What might have otherwise been a routine review of the actions of the National Labor Relations Board instead resulted in an opinion from the Eighth Circuit Court of Appeals in which all three members of the panel wrote separately, reflecting a broader national debate over the effect of vacancies on the NLRB.
The case, Osthus v. Whitesell, arose when Whitesell purchased a manufacturing facility in Iowa. In May 2006, Whitesell began negotiations with the union representing the facility’s production and maintenance workers. Negotiations eventually broke down, and in April 2009 Whitesell implemented its final offer. The NLRB filed administrative charges and sought injunctive relief, which was granted by the District Court. Whitesell appealed to the Eighth Circuit.
As background, in 2007 there was one vacancy on the five-member NLRB, and the recess appointments of two other members were set to expire at the end of the year. This would leave the Board with only two members, one shy of a quorum. In response, on December 20, 2007 the four existing members temporarily delegated authority on all court litigation matters to the agency’s General Counsel (instead of requiring case-by-case authorization as had been the practice). This delegation permitted the NLRB to remain “open for business” despite the lack of a quorum.
On appeal, Whitesell challenged the district court’s jurisdiction over the matter on two grounds. First, it argued that the NLRB may not delegate its authority to seek injunctive relief in court. Writing for a two-judge majority, Judge Benton made short shrift of this argument, pointing out that district courts have upheld such delegations for more than 60 years. Second, Whitesell argued that the delegation lapsed when the Board lost its quorum. Judge Benton also rejected this argument in the space of a single paragraph.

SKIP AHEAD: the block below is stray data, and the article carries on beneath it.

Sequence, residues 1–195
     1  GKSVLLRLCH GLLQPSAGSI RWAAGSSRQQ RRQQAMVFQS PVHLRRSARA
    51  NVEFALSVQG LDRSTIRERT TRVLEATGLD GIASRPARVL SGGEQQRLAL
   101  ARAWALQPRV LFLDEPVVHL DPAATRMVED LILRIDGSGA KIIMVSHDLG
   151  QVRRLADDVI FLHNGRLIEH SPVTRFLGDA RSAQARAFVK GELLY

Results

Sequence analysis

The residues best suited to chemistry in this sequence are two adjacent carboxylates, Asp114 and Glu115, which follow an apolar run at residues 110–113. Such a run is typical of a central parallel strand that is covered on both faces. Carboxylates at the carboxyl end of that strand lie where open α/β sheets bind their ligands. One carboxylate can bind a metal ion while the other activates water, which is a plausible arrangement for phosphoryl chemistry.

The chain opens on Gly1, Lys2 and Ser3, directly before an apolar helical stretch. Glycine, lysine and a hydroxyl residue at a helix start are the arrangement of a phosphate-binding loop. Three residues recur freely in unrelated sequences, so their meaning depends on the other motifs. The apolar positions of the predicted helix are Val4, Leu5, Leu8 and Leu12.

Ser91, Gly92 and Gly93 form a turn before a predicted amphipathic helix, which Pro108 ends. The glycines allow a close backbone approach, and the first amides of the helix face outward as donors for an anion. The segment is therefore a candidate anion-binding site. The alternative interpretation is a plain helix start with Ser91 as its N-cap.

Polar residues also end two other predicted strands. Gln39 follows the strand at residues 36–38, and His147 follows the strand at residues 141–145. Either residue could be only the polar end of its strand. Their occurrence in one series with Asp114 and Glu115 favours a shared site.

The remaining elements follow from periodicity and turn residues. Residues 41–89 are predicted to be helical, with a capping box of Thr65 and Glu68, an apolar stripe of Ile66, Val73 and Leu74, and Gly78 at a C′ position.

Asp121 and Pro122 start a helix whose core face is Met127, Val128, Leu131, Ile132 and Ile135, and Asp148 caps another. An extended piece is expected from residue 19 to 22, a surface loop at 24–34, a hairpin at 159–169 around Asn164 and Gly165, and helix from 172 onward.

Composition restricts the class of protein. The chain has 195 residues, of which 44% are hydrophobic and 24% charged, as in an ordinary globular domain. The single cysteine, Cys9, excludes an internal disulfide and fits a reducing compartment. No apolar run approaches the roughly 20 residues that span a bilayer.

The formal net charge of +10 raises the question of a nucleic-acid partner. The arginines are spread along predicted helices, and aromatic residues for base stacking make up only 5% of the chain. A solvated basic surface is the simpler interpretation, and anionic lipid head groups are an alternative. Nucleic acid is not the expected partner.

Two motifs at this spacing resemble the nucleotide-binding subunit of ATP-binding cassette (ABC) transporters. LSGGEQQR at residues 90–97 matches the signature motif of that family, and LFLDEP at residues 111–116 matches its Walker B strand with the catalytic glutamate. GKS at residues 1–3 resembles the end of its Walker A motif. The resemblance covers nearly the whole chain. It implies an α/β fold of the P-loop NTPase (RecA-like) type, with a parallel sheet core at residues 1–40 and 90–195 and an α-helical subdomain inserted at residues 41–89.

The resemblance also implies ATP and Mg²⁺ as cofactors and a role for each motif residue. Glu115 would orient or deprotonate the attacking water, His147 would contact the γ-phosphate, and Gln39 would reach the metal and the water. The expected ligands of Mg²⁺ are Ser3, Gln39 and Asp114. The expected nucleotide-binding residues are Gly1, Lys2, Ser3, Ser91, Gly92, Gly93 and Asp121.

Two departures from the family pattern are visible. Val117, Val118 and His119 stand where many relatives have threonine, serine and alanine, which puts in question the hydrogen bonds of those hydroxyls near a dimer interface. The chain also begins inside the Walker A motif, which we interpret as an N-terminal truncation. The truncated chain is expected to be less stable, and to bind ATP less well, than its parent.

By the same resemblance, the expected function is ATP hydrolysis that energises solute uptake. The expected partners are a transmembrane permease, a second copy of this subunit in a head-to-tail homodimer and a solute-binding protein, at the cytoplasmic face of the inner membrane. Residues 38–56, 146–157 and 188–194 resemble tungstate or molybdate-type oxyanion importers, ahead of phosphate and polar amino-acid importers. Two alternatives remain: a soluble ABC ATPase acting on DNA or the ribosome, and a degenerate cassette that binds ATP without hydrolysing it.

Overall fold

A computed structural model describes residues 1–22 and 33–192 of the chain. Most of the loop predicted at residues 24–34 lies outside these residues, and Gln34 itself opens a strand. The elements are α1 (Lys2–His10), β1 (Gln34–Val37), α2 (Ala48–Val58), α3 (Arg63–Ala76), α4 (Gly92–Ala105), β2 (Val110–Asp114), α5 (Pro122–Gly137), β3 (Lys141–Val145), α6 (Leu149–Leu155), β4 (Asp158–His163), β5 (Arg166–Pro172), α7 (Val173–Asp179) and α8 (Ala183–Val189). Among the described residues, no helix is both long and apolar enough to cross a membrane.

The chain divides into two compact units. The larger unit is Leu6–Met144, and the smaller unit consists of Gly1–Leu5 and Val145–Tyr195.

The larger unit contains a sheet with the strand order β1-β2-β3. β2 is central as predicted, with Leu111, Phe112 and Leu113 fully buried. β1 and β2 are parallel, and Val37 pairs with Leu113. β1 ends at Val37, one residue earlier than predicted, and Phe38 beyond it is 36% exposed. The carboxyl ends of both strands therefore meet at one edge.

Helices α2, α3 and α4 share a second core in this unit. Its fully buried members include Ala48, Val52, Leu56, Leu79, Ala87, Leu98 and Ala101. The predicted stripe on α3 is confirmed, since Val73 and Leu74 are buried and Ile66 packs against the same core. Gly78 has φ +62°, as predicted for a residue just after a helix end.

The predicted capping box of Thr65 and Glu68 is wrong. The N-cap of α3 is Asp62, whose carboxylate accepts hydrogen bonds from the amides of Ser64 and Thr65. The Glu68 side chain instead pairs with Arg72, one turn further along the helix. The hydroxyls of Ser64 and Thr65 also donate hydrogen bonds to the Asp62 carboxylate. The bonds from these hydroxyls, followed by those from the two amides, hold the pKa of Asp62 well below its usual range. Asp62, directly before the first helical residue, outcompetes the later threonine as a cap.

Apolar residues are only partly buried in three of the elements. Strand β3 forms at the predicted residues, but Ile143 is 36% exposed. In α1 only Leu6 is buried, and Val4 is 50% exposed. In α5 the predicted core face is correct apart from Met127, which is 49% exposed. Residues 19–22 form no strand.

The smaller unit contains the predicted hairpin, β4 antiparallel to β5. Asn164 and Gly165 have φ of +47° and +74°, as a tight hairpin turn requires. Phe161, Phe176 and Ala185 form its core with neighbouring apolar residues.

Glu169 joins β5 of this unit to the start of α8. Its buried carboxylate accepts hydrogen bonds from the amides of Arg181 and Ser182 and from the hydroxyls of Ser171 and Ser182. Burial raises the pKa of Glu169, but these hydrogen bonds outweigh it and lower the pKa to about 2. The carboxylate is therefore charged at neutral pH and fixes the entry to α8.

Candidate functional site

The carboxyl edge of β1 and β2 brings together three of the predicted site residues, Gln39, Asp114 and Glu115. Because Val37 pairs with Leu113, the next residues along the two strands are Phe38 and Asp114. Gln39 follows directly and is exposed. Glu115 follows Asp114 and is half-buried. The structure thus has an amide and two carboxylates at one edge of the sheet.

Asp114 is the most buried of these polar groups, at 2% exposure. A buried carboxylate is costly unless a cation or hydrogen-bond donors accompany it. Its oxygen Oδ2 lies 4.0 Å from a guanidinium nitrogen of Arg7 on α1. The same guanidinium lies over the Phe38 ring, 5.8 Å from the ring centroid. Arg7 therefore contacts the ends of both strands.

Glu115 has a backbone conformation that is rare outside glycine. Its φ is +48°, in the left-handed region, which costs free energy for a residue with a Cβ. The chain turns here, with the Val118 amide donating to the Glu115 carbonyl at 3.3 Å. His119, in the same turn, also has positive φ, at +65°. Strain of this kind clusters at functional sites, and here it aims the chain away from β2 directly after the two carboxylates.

What is interesting, however, are the actions of the other two members of the panel. Judge Colloton concurred in Judge Benton’s opinion, but developed the “textual interpretation” argument that the Board has the right to delegate its authority in much greater detail than Judge Benton. Chief Judge Riley, however, filed a very lengthy dissent disagreeing with the conclusion that the Board may delegate its authority to the General Counsel, and accusing the majority of ignoring the statutory language and offering no analysis for its decision. Judge Riley also agreed with Whitesell’s second argument, that even if the original delegation were proper, the Board’s subsequent loss of a quorum precluded the General Counsel from seeking an injunction in this case.